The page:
Spring has sprung: A friendly reminder to mind the trails

The trails on WCC’s campus are well kept. Gray Bancroft | Washtenaw Voice

A WCC trail. Gray Bancroft | Washtenaw Voice

By Jenee Gregor
Staff Writer


The trails have thawed and so have the wintery souls of Michigan. The sun is shining and drying out those bike trails that have been barren since the fall and winter.

There are so many reasons not to ride in the winter, while some brave the cold and bundle up. Fat-tire bikes give more traction in the ice and snow, although the wind and the chill can’t be fought. For most, the winter is the off season.

“I just moved to this area and I haven’t been biking since,” said Koby Conrad, a motocross racer and mountain biker. “I’m excited to try some trails out here.”

On the first day of the sunshine in spring season, by Mother Nature’s standards, it’s hard not to hit the trail in a hurry when it’s been seemingly dry and nice. The weather is warming up, and there will be good weather days with bad trail days when a ride should be skipped.

“Human Erosion,” is the term that is used when the trails are ridden when it’s too wet, explained Jeff Stowers an employee at Tree Fort Bikes in Ypsilanti, and a former geology-minor at Eastern Michigan University.

“The top layer of frozen soil holds moisture,” Stowers said. “Luckily our trails dry out fairly fast because of the glacial sediment.” The frozen or wet soil is easy to break up and cause human erosion, so riding in the wet and muddy conditions can really harm the trail. So keep in mind in the upcoming rainy spring season.

“Riding a wet trail wrecks it, and if a trail’s wrecked, a couple of things happen,” said mountain biker Laura Rossitter, author of “The Mountain Bike Guide to Summit County, Colorado” and “Mountain Biking Colorado’s Historic Mining Districts.”

“First, other groups look negatively on mountain bikers, which is the last thing we need in our quest as legitimate trail users. Second, it destroys the trail to the point where it’s no longer rideable,” said Claire Martin, in an article published on the American Trails Training Partnership website.

ATTP recommends taking a dirt-road ride on those muddy days instead. They can withstand the tread of the bike tires and can be an endurance ride. Taking into account there hasn’t been too much rain and Michigan trails dry out fairly quickly, it is the time to hit them before the rain comes again.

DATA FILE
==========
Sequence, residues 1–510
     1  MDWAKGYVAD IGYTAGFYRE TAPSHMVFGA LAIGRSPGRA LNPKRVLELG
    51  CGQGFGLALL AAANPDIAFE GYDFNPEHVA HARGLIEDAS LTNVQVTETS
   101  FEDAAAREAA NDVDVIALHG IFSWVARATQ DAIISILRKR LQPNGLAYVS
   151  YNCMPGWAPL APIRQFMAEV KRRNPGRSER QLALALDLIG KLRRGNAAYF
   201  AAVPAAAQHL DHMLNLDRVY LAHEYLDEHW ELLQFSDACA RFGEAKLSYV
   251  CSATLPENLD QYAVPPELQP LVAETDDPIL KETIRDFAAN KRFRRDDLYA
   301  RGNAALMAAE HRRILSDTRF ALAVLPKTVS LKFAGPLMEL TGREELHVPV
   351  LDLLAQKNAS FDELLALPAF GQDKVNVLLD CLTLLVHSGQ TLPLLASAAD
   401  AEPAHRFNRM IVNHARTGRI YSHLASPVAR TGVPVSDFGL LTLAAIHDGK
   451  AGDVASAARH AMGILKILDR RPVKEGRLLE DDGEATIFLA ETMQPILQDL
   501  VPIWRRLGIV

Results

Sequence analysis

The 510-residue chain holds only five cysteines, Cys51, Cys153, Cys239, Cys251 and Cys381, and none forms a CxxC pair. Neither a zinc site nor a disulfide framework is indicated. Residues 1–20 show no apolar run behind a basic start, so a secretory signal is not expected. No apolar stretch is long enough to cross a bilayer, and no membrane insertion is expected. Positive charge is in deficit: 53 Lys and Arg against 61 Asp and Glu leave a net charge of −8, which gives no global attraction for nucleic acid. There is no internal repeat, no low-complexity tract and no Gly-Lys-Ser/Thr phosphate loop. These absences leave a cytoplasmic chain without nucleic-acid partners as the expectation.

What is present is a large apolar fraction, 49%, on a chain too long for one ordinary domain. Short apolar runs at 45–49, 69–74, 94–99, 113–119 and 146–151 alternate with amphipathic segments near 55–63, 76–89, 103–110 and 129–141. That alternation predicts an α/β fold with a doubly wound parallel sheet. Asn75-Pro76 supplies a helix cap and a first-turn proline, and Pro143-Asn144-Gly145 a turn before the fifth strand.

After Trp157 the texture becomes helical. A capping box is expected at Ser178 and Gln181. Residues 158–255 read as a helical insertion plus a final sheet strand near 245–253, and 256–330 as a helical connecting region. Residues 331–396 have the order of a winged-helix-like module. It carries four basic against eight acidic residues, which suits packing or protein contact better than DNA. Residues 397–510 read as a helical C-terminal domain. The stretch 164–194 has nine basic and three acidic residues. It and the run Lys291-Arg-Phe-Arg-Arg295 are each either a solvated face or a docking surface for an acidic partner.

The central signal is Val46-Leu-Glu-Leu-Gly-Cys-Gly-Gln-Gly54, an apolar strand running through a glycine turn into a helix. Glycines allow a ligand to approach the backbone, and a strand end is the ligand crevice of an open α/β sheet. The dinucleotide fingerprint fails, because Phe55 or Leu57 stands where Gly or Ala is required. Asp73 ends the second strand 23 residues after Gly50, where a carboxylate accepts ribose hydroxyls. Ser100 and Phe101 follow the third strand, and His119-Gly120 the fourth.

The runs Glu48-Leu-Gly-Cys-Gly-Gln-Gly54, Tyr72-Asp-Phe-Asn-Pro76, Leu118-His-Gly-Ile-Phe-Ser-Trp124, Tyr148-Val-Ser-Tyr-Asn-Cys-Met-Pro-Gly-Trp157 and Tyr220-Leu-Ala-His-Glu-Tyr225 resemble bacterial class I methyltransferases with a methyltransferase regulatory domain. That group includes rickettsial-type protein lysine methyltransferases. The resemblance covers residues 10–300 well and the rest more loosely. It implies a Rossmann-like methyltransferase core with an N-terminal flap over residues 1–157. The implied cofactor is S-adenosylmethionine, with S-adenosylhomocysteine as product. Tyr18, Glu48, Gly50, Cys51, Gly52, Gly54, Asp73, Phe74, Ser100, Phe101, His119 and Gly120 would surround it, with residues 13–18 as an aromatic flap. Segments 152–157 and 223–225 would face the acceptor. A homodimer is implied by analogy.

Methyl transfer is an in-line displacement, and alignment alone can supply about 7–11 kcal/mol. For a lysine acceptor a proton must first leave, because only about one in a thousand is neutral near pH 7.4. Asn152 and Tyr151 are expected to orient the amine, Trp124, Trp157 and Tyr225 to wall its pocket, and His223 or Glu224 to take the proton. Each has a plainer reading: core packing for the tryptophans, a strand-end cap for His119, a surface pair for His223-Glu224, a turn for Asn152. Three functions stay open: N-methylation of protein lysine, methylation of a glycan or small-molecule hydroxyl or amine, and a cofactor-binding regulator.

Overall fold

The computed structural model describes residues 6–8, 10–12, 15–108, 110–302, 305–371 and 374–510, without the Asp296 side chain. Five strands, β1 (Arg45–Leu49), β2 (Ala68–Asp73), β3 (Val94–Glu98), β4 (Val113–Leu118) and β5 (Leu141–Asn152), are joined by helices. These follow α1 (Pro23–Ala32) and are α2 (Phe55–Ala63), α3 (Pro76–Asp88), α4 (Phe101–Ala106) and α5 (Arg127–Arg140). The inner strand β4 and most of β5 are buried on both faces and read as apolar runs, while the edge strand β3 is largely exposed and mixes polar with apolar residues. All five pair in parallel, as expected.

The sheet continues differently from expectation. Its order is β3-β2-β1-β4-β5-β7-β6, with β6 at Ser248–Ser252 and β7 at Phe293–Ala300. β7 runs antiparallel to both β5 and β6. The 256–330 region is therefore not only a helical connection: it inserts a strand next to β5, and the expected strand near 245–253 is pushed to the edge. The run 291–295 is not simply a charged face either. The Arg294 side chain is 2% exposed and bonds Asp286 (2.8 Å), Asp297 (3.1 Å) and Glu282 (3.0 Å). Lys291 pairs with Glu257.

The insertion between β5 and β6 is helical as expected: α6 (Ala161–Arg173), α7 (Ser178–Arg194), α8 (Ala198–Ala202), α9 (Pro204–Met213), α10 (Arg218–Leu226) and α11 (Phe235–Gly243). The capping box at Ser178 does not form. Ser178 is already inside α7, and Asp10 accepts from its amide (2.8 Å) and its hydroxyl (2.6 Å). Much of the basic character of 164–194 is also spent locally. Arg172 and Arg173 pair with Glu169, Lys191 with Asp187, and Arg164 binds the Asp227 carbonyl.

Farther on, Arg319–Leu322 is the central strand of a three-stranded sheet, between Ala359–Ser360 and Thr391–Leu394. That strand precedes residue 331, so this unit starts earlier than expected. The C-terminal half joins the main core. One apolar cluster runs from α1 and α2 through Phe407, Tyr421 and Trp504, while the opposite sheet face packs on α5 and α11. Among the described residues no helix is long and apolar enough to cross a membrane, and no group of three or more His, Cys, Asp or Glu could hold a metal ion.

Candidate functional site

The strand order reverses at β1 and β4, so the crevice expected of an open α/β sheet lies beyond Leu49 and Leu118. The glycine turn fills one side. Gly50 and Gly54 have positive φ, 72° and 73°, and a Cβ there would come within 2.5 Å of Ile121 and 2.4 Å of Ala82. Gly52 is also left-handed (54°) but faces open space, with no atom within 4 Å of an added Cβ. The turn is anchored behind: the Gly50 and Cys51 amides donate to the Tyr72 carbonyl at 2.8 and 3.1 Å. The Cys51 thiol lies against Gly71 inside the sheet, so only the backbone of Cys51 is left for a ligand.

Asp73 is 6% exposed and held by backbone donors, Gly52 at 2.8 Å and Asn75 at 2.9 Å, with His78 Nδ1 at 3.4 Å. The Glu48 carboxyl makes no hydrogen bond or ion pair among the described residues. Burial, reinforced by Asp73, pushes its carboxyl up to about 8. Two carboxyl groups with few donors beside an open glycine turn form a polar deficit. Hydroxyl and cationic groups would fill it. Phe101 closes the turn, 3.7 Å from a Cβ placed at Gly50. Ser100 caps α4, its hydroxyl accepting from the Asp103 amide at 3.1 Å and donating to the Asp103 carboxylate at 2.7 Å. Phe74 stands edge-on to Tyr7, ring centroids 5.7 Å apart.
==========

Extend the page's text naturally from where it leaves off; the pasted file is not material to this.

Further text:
It’s the first time that it’s been really nice since that one day in January, mentioned Juan Osorno, an employee at Tree Fort Bikes on Whittaker. There are many trails in the southeast Michigan area:



Local Parks

  • Rolling Hills Park
    This park in Ypsilanti has a five-mile mountain biking trail that is on the easier side. It has a lot of turns, but doesn’t have too much change in elevation.
  • Sharon Mills Park
    This park has a 3.8 mile trail that is rated as being beginner friendly. The trail runs through open fields and meadows, near the Mill pond.
  • Potowatomi Trail
    This is a 17-mile loop, in the Pinckney Recreation Area, that is highly rated and is claimed to be one of the best trails in the state according to the Michigan Mountain Bikers Association.Even though it is a long trail, there are big climbs and down-hills, and it is more challenging mentioned Stowers. It dries more quickly because of the sand in the soil.
  • Brighton Recreational Trails
    There are some great trails in Brighton Recreational Area, they range from beginner trails like the Appleton Trail, to their advanced trail, Torn Shirt.
  • Island Lake State Recreation Area
    There are a few trails here, namely Yellow and Blue trails which are known in the community for their good maintenance and medium skill level.





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